¶ She'll slay you with a
glance, put you in a trance ¶

¶ Are you sure you
wanna dance with Emmy ¶

¶ Emmy ¶

¶ She's gonna steal your heart ¶

¶ And she wants to know
that you want hers ¶

- She was churnin'
out the songs,

but Steve would arrange
them, so she'd come up

with the chords and the words.

Steve would write a rhythm.

I would come up
with the bass part

or Steve would suggest a
bass part, same with Brian.

He would come up with
his own guitar part,

- I gotcha.
- or Steve would say

try this and that.

So, he was sorta the arranger

- I got it.
- at that point.

We were gettin' gigs around.

We had a New Year's Eve
gig once near Times Square.

That was crazy.

¶ But if you wanna try ¶

- With each gig,
the band was getting better

and they were working hard
to put themselves on the map.

¶ Put you in a trance ¶

¶ Are you sure you wanna dance ¶

- She was on the
phone every day.

She was the most aggressive,

you know other people
just sorta like, you know,

they try to move
their careers along,

but she was super aggressive
about it on a daily basis.

Always on the phone
trying to get a gig,

trying to get a
manager, every day.

Madonna was like having
a tiger by the tail.

She was only like 21
or 22 at the time.

¶ But don't expect
to stack it right ¶

¶ You'll never
ever see her cry ¶

- Hey, hey sorry.

You work with that music
woman, the August Management.

- August Artists.

I'm her partner, actually.

- Oh, could you please
give her this tape?

I'd really love for her
to listen to our band.

- She's
really busy right now.

I'm not sure she's
gonna have time,

but I'll try to
give it a listen.

- Well, we're really good.

Our name is Emmy, and I
think that if you just

listen to the tape
you would agree.

¶ She's a little heartbreaker ¶

- Yeah, I can do it.

- Mm.

- I stuck my finger in it,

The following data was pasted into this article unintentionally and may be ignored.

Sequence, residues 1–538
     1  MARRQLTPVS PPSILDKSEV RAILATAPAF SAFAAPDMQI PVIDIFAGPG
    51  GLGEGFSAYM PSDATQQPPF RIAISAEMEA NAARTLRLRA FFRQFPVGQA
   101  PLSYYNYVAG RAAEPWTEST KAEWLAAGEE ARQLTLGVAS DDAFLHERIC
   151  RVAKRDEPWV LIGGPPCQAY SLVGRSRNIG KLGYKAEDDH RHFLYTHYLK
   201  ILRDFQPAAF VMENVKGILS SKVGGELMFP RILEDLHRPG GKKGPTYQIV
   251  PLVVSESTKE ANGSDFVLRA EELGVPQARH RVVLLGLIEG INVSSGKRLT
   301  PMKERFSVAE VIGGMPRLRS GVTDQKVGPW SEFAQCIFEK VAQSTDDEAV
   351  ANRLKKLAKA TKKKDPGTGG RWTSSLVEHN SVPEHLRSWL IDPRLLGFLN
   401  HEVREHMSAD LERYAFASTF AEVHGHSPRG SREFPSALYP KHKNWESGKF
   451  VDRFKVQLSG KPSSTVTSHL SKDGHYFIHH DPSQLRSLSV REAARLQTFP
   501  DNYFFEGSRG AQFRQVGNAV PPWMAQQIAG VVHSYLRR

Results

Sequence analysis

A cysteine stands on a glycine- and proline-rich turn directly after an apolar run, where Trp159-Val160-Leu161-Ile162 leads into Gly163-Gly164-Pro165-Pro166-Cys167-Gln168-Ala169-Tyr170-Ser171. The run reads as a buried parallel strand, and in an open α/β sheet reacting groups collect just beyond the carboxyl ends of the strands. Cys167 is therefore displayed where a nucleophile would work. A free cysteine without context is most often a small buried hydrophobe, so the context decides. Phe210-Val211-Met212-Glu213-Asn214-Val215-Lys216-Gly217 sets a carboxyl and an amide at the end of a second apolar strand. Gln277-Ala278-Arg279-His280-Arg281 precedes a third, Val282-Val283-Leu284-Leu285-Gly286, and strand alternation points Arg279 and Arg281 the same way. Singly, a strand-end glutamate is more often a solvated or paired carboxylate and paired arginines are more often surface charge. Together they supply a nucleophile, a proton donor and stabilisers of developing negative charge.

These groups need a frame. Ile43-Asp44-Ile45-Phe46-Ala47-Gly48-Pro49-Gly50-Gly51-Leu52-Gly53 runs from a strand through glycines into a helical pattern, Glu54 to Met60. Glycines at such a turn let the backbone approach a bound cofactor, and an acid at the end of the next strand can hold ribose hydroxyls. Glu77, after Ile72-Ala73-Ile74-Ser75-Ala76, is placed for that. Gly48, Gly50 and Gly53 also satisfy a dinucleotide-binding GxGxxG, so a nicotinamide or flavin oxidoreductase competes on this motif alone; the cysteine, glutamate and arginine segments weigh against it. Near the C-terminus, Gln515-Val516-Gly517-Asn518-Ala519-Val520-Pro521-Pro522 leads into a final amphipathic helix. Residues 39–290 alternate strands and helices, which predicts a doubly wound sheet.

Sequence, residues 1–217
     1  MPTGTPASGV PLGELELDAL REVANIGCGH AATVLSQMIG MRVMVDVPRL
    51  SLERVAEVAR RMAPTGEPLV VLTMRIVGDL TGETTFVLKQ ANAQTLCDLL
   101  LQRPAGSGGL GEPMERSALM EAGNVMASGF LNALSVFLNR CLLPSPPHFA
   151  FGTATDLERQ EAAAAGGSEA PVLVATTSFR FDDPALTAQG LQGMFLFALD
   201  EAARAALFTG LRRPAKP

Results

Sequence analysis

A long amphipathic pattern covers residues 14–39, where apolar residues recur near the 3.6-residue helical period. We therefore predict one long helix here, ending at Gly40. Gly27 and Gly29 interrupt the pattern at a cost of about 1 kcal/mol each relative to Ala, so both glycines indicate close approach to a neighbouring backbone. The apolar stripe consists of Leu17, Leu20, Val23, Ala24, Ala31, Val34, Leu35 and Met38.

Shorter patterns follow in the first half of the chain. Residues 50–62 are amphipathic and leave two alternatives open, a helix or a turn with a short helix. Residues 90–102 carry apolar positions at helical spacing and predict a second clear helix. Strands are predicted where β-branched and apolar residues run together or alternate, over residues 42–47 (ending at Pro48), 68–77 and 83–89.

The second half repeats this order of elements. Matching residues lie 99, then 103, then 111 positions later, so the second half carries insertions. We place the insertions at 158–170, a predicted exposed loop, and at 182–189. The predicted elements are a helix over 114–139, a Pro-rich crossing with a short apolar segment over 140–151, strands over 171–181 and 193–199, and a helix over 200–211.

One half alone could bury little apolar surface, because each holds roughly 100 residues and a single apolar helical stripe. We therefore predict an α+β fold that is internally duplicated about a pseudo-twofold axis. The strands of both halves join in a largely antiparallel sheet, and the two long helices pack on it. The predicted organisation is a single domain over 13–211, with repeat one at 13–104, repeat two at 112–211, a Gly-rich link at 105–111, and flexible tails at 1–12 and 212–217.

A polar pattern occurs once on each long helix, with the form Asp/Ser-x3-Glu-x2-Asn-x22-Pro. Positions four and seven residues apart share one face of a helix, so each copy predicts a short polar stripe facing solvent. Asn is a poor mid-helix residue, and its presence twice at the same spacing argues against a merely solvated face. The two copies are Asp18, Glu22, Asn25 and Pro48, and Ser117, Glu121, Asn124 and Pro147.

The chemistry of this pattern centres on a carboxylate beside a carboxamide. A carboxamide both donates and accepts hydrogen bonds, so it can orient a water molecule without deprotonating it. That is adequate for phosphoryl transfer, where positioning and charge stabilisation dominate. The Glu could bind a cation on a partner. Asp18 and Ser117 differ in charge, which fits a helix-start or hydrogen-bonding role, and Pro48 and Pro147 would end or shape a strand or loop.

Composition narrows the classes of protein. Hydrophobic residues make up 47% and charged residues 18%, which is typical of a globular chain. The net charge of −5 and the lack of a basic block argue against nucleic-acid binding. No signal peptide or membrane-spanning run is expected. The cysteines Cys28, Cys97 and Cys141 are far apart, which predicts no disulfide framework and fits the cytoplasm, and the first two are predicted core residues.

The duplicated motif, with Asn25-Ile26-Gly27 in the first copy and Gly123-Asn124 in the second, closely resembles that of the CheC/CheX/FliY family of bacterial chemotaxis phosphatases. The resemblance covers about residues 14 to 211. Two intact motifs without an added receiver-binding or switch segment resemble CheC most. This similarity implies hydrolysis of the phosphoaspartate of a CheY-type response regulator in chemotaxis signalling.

and I got burned.

- Oh, yeah.

- Did you ever get burned?

- Not yet, no, but I bet
you it'll feel familiar.

- That's a lie.

You've gotten burned.

Even Joan of Arc
could tell you that.

She knows a singed
body when she sees one.

- Oh, yeah, I've
seen the pictures.

- Madonna found
a temporary place to stay,

and was trying to find work,
but things were looking bleak.

- There was a very,
very cold night.

She was renting a room
just around the corner

from The Music Building.

It was like two degrees out,

it was like the coldest
day of the winter.

- Hello?

- And the heat in that building

she was renting a room
in, it wasn't working.

So, I went over there, and she
was like in a fetal position.

- Hey.

- Just really freezing.

"I can't stand this."

- What am I doing here?

I'm not getting anywhere.

What am I gonna do?

- She was so depressed, though.

When she was like,

she was ready to
go back to Detroit.

She really was, she
was ready to bag

the whole Music Building,
the whole music thing.

She was so close to really
bailing on the whole thing.

- I think maybe I
should call Dan.

- "Go out to the synagogue?

"You think that he,"
'cause they'd been split up

for X amount of months.

- It was cold.

I didn't think she felt
well and she asked me

if she could come over
to the synagogue again.

This is after our
breakup and of course

I said, yeah, okay.

- He was probably heartbroken
when they split up

a little bit, but he
didn't hold a grudge.

- Madonna
went back to Corona,

back to the synagogue,
back to Dan.

- So she came over
for maybe two days.

We went running in the
park as we used to do.

She said, "I feel like
I'm going backwards."

Meaning being here in Corona,

but it was a nice
little, I don't wanna say

it was like the baby bird
returning to the nest again.

It was a fun couple
of days, but again,

it brought back that, it
was like a breakup again.

How many of these can, ya know?

It was a little
like that for me.

So, off she went.

- I think they had a nice
healing kind of a thing.

Dan probably helped her stay